Professor of History and Religious Studies, Yale University
"Discerning the Gulf between the Protestant and Catholic Reformations: The Case of Sor Maria de Agreda"
5th Annual Robert Louis Wilken Lecture
Thursday, April 7, 2016
UVA Minor Hall Auditorium, 5:15pm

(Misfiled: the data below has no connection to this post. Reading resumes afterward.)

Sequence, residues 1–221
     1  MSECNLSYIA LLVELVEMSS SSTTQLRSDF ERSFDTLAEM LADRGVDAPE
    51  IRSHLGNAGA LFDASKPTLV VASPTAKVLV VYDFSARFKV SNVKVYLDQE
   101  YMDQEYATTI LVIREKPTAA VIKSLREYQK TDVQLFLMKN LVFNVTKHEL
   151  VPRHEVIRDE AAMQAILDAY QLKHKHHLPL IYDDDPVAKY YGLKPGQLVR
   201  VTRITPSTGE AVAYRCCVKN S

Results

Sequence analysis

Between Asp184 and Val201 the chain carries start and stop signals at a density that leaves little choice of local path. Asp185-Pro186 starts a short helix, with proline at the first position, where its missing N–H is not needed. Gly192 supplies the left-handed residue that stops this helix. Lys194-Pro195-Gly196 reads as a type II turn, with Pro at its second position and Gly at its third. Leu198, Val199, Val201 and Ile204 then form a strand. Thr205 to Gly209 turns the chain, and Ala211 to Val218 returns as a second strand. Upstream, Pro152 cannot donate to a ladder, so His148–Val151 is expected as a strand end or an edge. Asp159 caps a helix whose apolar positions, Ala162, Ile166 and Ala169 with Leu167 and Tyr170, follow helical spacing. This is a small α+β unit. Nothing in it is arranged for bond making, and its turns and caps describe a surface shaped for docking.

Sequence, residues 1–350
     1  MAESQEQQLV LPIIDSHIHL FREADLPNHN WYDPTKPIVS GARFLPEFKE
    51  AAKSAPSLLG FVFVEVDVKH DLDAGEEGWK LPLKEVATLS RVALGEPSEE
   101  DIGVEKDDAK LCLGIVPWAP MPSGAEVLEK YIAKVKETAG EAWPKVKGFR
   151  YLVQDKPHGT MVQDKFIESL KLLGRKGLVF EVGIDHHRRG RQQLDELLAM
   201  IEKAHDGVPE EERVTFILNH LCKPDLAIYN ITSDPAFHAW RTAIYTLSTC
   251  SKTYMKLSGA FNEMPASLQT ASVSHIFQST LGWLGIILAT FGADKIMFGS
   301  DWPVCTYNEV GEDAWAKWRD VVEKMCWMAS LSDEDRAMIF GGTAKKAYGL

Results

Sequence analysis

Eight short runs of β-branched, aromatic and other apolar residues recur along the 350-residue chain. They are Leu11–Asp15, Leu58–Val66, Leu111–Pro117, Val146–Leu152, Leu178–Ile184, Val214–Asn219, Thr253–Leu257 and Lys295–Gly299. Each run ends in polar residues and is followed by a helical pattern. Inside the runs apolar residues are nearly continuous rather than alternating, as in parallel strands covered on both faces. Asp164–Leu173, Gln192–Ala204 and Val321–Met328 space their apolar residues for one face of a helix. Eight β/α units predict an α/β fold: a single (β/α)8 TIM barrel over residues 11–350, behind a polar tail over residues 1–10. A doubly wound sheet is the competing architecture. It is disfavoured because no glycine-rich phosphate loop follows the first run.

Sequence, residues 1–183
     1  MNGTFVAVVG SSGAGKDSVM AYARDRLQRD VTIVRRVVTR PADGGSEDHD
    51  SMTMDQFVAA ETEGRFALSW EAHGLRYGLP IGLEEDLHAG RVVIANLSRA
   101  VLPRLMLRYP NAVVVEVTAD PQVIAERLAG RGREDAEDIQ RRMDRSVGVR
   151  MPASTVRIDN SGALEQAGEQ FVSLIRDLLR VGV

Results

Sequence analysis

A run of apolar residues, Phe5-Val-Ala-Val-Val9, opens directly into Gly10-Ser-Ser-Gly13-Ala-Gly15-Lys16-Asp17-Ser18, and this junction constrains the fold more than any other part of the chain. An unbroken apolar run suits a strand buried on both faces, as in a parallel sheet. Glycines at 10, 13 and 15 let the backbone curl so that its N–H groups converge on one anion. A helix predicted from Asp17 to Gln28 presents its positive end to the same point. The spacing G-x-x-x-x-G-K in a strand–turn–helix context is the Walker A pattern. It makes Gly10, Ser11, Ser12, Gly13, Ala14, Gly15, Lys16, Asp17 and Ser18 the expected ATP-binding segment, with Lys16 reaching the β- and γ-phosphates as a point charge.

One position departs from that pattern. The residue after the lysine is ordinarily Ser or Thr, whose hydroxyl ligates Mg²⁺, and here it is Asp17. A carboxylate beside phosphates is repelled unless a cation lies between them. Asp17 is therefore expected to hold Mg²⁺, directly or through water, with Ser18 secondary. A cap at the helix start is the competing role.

The life of Sor Maria de Agreda (1602-1665) provides us with a superb case study in the differences between the Protestant and Catholic Reformations. More specifically, Sor Maria provides us with a lens through which to examine the most significant metaphysical and theological assumptions rejected by Protestants. A cloistered nun who never left her home town of Agreda in northern Spain, Sor Maria led a life that reified Catholic belief in miracles. Her claims were extreme, even for her day and age, and proved somewhat controversial. Her two most extreme mystical claims involved bilocation and divine revelations: she was believed to have visited New Mexico over five hundred times, where she evangelized the Jumano natives --without ever physically leaving her convent in Spain -- and she was also believed to have taken dictation from the Blessed Virgin Mary, who narrated a 2,800-page autobiography to her. How her claims were handled by the Catholic Church brings into stark relief the most profound differences that distinguished Catholics from Protestants.